Anne B. Wallis, PhD, departments of epidemiology & population health and health promotion & behavioral sciences faculty, recently returned from Gambia as part of the Fulbright Specialists Program. For six weeks she worked at the University of the Gambia, School of Medicine & Allied Sciences. Wallis spent time mentoring graduate students, giving lectures, and working on specific research projects in the areas of maternal and infant health and infectious disease.
Q&A with Dr. Wallis
WHAT DID YOU LEARN FROM YOUR FULBRIGHT EXPERIENCE?
So much. I learned about people and how resilient and resourceful they can be even when they have very little. I learned about how hard students will work when they really want to understand public health issues and when they want to help their country and the world. I learned about generosity. I learned to cook yassa and benechin. I learned how to barter for fresh fish. I learned words in Mandinka and Wolof. I learned how the Gambia used basic public health surveillance and prevention methods to remain ebola-free. I learned that with a little bit of input, Gambian people change the world.
HOW DID THE EXPERIENCE BROADEN YOUR PERSPECTIVE AS IT RELATES TO PUBLIC HEALTH?
I have a much better understanding of many issues of public health, but particularly reproductive health. I have worked with students in the Gambia in the past to study things like obstetric fistula and to understand how prenatal care works, but I learned much, much more about the day-to-day issues of reproductive health.
I know that many women, even in urban areas, cannot get to a clinic or hospital to deliver a baby during the rainy season because the roads are impassable. This means that babies are delivered at home, in sub-optimal conditions, and often without midwives or well-trained birth attendants. Babies and mothers die of infection, hemorrhage, or from the effects of prolonged labor. Many of these deaths remain unregistered – they are invisible.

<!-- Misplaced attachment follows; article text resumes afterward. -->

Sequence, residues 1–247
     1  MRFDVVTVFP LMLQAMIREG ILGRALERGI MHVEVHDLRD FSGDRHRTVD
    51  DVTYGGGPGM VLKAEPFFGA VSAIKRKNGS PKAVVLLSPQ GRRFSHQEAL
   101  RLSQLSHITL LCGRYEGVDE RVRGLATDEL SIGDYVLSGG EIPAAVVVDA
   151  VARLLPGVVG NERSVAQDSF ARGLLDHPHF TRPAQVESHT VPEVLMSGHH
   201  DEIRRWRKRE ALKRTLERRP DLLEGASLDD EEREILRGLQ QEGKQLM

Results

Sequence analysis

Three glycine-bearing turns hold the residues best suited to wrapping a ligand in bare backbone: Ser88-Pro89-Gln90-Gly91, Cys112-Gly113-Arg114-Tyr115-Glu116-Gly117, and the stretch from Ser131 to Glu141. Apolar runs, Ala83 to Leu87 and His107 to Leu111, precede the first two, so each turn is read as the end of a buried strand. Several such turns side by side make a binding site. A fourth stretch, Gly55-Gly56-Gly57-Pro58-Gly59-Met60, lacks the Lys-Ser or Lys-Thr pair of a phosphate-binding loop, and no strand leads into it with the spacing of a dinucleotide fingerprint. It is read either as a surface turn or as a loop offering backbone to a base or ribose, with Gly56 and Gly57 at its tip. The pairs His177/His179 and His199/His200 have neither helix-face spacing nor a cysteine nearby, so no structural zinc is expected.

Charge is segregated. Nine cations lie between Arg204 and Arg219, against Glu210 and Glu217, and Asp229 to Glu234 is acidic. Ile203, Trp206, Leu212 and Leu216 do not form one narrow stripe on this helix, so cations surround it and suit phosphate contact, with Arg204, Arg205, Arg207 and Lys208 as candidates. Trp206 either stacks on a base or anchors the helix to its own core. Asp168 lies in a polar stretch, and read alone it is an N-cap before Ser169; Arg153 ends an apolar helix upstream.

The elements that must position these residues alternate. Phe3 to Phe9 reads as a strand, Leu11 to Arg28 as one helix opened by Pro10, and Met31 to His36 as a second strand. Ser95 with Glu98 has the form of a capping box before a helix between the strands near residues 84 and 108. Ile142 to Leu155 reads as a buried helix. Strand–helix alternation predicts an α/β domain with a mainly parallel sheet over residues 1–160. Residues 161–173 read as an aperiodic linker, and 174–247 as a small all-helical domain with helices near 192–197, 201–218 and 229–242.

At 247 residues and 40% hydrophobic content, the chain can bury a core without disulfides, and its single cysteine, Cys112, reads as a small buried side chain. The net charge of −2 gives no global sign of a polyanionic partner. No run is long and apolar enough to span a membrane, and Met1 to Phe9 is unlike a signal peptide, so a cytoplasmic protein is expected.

I also learned directly from adolescents about their lives – about sex, unintended teen pregnancy, their fears, STDs, and how they think they can better inform their peers about appropriate sex and contraception.
I was asked to work with the climate science masters program and, in so doing, I had to think much more deeply than I have in the past about the effects of climate change on public health in a country like the Gambia – effects that may include the spread of new infectious disease, more chronic disease related to diet change, famine, and livelihood. I now firmly believe that we must work with Africa from a place of resilience and strength rather from a perspective that suggests only need and deficits. Young Africans are optimistic about their world and brilliant – they need better education and some technical support, but with those resources, they will be able to conquer the problems their country faces.
WHAT WAS THE BEST ASPECT OF YOUR EXPERIENCE?
Without any question, the best aspect of my experience was working with my graduate students in the classroom, individually on their thesis projects, and in the field. I absolutely and positively fell in love with the Gambia.
About the Fulbright Specialists Program: The Fulbright Specialists Program, created in 2000 to complement the traditional Fulbright Scholar Program, provides short-term academic opportunities (two to six weeks) to prominent U.S. faculty and professionals. The program supports curricular and faculty development, and institutional planning at post-secondary, academic institutions around the world.